The aspect of the Thanksgiving holiday that I love goes beyond all of that. It's a time to teach about gratitude, Autumn and Harvest. So, in lieu of teaching about Pilgrims and "Indians" I focused on the concepts of Gratitude and Harvest. As I've mentioned here before, our school is lucky enough to be the home of a micro-farm where the kids take part in every aspect of it, from planting, to composting, weeding and finally- harvesting.
As the Thanksgiving holiday neared the corn became ready to turn to flour so I put bowls of it out as an option for a few days so that the kids could wander over to it between or during activities and pick the dried corn off the cob. This activity proved to be incredibly soothing for many of them. I even brought one of the bowls outside with us. No matter where it was, at some point a child would wander over, sit down, and get to work on pulling the corn from the cob. Some did it one piece at a time, while others developed methods with tools or their hands to scrape more off at a time. I did this activity whenever I walked by, it's addicting! Eventually there was no more corn to pull off and we moved on to grinding it into flour.
An alternative if you don't happen to have a farm or a grinder to do something like this: Purchase dried corn and give the kids a rock or depending on their age, a hammer and let them pound it into flour themselves!
We used the ground flour to make a Hopi dish called Blue Corn Mush. The Mexican variation of this dish is a drink called Atole. The kids love this dish and enjoy making it.
Here is the recipe we used:
Recipe for Blue Corn Mush
2 cups Milk or Water
1/4 Tsp Salt
3/4 Cup Blue Corn Flour
Honey or Maple Syrum to taste
Slowly heat water or milk and salt over medium heat and add corn flour while stirring continuously so that it doesn't lump up. Heat and stir continuously until mixture starts to bubble like lava (or at least that's what it looks like to me: blue lava). Remove from heat and add honey. Let cool a bit and serve!
To be honest, one of the biggest "points" of this activity is that it deeply connected the kids to their food. Not many children today have the opportunity to witness corn grow from a kernel into a plant and even fewer have the opportunity to harvest it, dry it and turn it into flour. Today, food is more often than not, something pulled off a shelf at a store or already frozen and prepared and though we all know the basic process, it's not something we see or even understand. An important part of creating a sustainable future is connecting our children to their food. You don't even need a farm or a grinder to do something like this. Purchase dried corn and give the kids a rock or depending on their age, a hammer and let them pound it into flour themselves!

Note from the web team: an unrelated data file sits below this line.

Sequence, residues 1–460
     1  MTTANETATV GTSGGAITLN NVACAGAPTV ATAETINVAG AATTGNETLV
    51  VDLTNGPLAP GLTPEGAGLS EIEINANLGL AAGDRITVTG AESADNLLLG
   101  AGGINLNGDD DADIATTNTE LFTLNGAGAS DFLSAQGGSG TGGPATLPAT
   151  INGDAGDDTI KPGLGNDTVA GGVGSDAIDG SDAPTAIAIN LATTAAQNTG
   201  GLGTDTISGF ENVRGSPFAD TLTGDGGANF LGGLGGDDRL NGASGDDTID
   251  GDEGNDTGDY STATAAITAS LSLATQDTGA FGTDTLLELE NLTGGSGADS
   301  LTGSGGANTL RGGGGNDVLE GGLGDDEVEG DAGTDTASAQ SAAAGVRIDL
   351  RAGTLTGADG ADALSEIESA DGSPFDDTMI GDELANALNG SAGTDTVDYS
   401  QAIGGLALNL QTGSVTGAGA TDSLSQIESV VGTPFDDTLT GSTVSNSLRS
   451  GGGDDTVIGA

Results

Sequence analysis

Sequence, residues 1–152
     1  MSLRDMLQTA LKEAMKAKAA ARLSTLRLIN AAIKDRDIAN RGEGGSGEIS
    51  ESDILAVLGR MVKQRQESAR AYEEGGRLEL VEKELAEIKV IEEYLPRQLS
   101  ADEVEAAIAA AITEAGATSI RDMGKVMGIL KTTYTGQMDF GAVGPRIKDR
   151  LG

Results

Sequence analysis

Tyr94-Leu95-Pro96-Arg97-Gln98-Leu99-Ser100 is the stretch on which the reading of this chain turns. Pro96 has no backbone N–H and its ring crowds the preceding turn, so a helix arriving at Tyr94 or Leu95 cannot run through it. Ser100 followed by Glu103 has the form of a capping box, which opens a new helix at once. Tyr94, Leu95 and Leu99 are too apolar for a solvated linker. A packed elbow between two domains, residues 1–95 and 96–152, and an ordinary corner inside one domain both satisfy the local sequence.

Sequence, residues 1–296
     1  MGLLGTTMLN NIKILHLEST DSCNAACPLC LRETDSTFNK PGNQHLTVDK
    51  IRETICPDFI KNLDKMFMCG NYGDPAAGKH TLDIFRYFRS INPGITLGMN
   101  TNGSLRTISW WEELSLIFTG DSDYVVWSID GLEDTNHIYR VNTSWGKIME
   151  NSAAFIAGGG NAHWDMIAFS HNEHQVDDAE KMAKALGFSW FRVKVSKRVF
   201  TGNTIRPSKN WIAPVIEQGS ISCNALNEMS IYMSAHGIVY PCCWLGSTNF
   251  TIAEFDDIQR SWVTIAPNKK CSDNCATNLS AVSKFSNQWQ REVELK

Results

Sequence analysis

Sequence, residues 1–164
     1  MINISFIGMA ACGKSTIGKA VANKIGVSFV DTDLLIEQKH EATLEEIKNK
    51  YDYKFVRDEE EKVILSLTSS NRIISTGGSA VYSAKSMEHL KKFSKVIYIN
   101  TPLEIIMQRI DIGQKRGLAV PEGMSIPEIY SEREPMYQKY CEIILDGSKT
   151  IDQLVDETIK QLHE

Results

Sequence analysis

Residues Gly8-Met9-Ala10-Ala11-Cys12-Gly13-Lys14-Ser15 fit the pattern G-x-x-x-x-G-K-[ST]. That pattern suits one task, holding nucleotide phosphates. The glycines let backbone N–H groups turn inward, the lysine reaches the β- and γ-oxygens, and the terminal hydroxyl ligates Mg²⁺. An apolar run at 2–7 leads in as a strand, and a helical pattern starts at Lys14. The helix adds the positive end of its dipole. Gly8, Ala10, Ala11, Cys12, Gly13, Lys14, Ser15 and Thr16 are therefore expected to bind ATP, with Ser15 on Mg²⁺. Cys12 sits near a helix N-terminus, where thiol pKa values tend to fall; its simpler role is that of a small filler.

- Early Literacy: Letters (by the time we were done, they all knew corn began with the letter C), Spelling
- Early Math: counting (kernels), patterns, shapes (using the pulled off kernels to make shapes)
- Science: Plant life-cycles, dehydration, seeds, husks, health and nutrition
- Fine Motor: picking the corn off the cob, pouring into the grinder, stirring, picking up the kernel
- Communication with peers
- Resolving conflict
- Safety : Following rules for safety, discovering what could hurt us(they took apart the grinder to see the blade).
- Cooking-making the blue corn mush
- Basic DIY skills were reinforced as they went through this activity
- Growing and using food in a high desert climate
- Receptive Language: Following 1-3 step directions.
- New Vocabulary: grind, blue corn, mush, atole, flour, Hopi, culture
- Constant conversation about the activity: Always encourage language development!